Finding Inspiration: The Custom Jewelry Design Process

I am often asked how I come up with my ideas.  If I am working with a client on a custom piece, then the process is very collaborative. The final design springs from the client's goal, such as designing a wedding band, the theme,  and their  inspiration. The theme might be floral, or geometric, modern or traditional in style. The inspiration is often personal. A bouquet of sunflowers, Lake Michigan, the neoclassical columns found inside The Field Museum, and a Celtic knot have all been great starting points for creating a timeless, personal designs.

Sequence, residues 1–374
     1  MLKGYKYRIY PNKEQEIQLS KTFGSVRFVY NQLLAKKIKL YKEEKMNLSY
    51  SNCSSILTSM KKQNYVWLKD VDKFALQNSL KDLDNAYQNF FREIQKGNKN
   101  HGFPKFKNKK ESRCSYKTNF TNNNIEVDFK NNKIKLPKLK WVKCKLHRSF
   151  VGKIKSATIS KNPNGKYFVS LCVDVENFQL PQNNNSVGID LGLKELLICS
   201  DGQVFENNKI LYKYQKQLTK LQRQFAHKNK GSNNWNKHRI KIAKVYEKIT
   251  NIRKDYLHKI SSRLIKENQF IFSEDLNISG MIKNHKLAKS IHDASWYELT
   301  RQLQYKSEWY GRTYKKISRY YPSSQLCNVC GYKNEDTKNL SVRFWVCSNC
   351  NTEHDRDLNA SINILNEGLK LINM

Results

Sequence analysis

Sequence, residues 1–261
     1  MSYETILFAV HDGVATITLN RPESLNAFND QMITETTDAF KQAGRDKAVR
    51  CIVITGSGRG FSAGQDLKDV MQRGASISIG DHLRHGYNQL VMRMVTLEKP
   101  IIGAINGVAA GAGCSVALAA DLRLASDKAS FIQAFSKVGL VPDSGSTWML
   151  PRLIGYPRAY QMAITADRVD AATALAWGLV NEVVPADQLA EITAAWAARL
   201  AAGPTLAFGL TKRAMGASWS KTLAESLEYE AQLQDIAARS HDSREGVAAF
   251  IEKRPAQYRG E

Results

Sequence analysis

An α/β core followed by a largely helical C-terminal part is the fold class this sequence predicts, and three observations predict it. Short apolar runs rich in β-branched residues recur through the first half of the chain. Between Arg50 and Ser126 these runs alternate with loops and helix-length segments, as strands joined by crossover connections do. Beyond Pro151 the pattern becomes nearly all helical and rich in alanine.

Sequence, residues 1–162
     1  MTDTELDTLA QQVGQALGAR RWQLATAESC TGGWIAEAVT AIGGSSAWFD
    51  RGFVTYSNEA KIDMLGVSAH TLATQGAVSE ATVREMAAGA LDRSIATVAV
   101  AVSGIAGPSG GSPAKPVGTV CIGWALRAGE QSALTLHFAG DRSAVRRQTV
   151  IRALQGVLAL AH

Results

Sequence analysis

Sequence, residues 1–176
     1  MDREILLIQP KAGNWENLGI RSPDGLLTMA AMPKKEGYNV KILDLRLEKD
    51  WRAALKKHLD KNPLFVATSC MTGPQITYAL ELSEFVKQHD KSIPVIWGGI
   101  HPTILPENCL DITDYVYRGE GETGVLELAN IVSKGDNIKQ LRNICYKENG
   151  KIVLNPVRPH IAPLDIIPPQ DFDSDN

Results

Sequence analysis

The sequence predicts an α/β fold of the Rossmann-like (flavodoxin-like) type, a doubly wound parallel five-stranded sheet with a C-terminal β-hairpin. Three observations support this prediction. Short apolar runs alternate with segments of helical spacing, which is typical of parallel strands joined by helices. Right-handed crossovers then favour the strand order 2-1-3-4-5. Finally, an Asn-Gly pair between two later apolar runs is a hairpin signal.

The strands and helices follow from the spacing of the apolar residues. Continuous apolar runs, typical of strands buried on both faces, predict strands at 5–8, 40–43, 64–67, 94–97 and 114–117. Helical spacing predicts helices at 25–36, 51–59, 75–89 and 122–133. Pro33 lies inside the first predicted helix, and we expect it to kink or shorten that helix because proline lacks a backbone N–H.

The next part of the process is all about constraints. Constraints are the designer's friend! If the piece is to be a wedding band, then the area of the wedding band is the space you have to work with. So, if the client has a  size 6 1/2 ring finger and wants a band that is 6mm wide, then the designable area is 6mm x approximately 60mm- the distance around the finger. This is not a lot of space! I typically draw the ring as if it were cut and laid flat- then I can see how much space I have to work with. Sometimes it just comes down to the math. If my client wants a row of diamonds set between two decorative rims, the 6mm band might have 1mm rims with a 4mm space left in the middle to set the diamonds- so 4mm diamonds, with prongs placed in the spaces will fit, and with the depth of the stones (about 1.8mm) I can use 15 diamonds. The equivalent to 3.00 carats in diamond weight. The other options to consider would be smaller diamonds, larger rims, or multiple rows of smaller stones and smaller rims, a different setting style like bezels, or a narrower band altogether. The math creates great constraints that further the conversation, the goals and the final design.